The Ocular Response Analyzer (ORA) is a newly introduced tonometer that uniquely measures and then integrates corneal biomechanical data into its intraocular pressure (IOP) estimates in an effort to improve accuracy of IOP assessment. This study was devised to investigate whether ORA-derived IOP and corneal biomechanical variables might be useful in discriminating between subjects with and without primary open-angle glaucoma (GLC).Methods.
All patients seen in the Albuquerque VAMC eye clinic over a 10-week period who demonstrated acceptable ORA signal profiles were retrospectively identified. In subjects classified as normal (NML), ocular hypertension (OH), glaucoma suspect (GS), and GLC, the following variables were compared: age, ethnicity, Goldmann IOP, central corneal thickness (CCT), and ORA-derived data: Goldmann-correlated IOP (IOPg), corneal-compensated IOP (IOPcc), corneal resistance factor (CRF), corneal hysteresis (CH), and difference between IOPcc and IOPg (DIOP; IOPcc − IOPg).Results.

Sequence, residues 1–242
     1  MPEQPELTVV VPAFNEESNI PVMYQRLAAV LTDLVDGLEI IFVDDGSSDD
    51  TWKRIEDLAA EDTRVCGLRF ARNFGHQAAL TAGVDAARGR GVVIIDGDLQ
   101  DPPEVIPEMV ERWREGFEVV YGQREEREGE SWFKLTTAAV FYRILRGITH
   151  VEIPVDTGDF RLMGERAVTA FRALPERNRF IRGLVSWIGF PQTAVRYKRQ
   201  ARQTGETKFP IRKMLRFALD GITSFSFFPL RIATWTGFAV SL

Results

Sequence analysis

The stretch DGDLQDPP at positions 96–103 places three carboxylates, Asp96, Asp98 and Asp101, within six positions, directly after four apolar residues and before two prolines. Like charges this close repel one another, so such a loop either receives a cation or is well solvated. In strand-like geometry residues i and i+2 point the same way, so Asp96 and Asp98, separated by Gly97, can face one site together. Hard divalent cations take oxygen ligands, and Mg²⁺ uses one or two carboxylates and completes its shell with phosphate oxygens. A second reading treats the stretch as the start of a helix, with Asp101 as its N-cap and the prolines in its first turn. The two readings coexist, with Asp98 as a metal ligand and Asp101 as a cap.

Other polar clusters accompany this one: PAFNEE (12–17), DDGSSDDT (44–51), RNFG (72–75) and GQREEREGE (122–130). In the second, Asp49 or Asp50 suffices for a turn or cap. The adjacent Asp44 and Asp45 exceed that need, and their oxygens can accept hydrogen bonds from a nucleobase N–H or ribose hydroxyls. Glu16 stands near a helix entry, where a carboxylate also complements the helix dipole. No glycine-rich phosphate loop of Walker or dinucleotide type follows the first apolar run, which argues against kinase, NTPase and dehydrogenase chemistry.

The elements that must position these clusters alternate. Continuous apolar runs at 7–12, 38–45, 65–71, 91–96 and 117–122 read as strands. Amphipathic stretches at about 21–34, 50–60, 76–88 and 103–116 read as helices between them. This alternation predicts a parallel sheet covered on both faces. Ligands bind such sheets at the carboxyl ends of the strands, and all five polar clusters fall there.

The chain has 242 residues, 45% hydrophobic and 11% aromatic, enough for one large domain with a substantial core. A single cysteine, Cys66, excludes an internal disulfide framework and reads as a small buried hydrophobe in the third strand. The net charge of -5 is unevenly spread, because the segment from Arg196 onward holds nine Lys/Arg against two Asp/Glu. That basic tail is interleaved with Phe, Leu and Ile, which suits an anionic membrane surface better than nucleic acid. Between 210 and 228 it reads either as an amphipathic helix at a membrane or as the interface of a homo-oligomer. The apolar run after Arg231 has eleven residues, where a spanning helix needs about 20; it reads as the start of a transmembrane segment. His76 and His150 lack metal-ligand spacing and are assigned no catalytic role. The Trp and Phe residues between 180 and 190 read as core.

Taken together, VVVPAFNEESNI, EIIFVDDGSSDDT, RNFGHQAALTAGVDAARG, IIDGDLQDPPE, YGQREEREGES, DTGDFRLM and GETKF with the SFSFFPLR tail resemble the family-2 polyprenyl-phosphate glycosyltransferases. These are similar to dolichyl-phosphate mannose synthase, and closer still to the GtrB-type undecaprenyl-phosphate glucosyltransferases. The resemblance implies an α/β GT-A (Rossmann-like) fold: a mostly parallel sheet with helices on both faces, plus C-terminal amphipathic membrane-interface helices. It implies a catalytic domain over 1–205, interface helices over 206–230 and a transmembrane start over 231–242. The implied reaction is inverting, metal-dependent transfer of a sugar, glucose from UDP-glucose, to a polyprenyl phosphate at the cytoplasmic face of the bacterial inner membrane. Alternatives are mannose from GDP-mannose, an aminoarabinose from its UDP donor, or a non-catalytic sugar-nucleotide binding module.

Right eyes in 71 NML, 58 OH, 70 GS, and 99 GLC subjects were studied. Using analysis of variance, higher mean age, higher mean DIOP, and lower mean CH were found in the GLC group compared with OH, GS, and NML groups. In multivariate regression analyses, factors that independently discriminated between groups were: age, IOPcc, and DIOP (GLC vs. NML); age and IOPcc (GLC vs. GS); age and CRF (GLC vs. OH). When DIOP was left out of the models, CH replaced DIOP in the GLC vs. NML analysis with nearly equal statistical power.Conclusions.
Our results suggest that ORA-generated parameters may be useful for differentiating subjects with and without GLC. Furthermore, the discriminatory power of each ORA variable seems to depend on the diagnostic groups that are being compared. Finally, our findings also suggest that measured IOP may be significantly underestimated in glaucoma patients compared with non-glaucoma patients.